A committee led by former President Ram Nath Kovind has been established to explore the feasibility of implementing a “one nation, one election” system in India. This significant development signals a step forward in a long-debated proposal that has been a topic of discussion in multiple panels over the years.
The announcement of this committee comes shortly after the central government declared a special session of parliament scheduled from September 18 to 22, without specifying the agenda. While there is speculation that a bill related to “one nation, one election” might be presented during this session, no official confirmation has been provided by the government.
“One nation, one election” involves the simultaneous conduct of Lok Sabha (national) and state assembly elections across the country, a practice that was the norm during the initial rounds of elections in India. The Bharatiya Janata Party (BJP) and Prime Minister Narendra Modi have expressed support for this concept on several occasions, including in the BJP’s 2014 Lok Sabha election manifesto.
Historically, elections were held simultaneously in India until 1967, with four such elections taking place. However, this practice was interrupted when some state assemblies were dissolved prematurely in 1968-69. The Lok Sabha was also dissolved ahead of schedule for the first time in 1970, leading to mid-term elections in 1971.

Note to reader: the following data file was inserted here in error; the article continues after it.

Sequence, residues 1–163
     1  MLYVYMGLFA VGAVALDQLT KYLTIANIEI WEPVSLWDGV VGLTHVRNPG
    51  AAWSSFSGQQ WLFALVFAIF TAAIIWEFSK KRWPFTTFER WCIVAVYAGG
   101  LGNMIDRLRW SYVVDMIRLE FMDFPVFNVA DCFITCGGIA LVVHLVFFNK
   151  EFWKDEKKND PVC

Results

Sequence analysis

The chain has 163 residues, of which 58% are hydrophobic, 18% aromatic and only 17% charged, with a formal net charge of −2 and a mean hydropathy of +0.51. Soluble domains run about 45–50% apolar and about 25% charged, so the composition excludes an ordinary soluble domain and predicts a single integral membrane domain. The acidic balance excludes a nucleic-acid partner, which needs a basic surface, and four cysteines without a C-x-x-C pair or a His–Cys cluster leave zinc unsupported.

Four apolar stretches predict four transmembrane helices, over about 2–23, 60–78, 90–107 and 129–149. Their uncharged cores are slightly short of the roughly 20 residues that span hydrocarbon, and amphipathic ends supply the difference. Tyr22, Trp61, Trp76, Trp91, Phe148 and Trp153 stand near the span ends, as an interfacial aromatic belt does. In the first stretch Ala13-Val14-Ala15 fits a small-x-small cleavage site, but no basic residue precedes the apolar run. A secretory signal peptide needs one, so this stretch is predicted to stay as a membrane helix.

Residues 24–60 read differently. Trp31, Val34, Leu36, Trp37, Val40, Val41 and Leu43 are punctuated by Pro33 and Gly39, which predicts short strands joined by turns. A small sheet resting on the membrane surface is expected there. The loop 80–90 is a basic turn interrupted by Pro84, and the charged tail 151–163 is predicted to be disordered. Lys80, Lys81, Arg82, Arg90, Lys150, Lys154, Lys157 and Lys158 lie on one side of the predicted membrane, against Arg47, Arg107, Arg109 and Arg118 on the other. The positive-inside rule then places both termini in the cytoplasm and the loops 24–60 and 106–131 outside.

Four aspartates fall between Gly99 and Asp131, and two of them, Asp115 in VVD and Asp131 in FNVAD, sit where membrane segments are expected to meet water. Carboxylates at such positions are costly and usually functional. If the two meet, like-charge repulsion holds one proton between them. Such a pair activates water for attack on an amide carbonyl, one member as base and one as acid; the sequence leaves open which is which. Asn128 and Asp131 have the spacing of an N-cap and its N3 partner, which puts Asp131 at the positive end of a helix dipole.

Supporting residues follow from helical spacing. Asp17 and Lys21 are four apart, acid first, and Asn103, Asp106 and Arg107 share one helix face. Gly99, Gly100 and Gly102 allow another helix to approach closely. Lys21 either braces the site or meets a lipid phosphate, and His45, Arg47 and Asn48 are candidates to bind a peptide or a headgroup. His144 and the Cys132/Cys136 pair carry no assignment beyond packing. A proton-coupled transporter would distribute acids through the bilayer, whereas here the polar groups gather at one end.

In its 2014 Lok Sabha Election Manifesto, the BJP pledged to work on electoral reforms to eliminate criminal influences. Additionally, it promised to explore a method for conducting assembly and Lok Sabha elections simultaneously. This approach was seen as a way to reduce election expenses for political parties and the government while providing greater stability to state governments.
Prime Minister Modi has raised the issue of simultaneous elections multiple times, citing the burden they place on the nation’s resources and the disruption they cause to governance.
Experts suggest that turning the “one nation, one election” proposal into reality would require a constitutional amendment and the support of two-thirds of the members in both the Lok Sabha and Rajya Sabha. With assembly elections scheduled in five states in the coming months and Lok Sabha elections expected around May next year, this topic remains a subject of debate and discussion in Indian politics.
In response to the formation of the committee, D Raja, General Secretary of the Communist Party of India, commented that the BJP has exhibited an obsession with various “one nation” concepts, highlighting their focus on centralization and uniformity in various aspects of governance.
The committee’s deliberations will shed light on whether India will transition to a “one nation, one election” system, which could have far-reaching implications for the country’s political landscape and electoral processes.
Sources By Agencies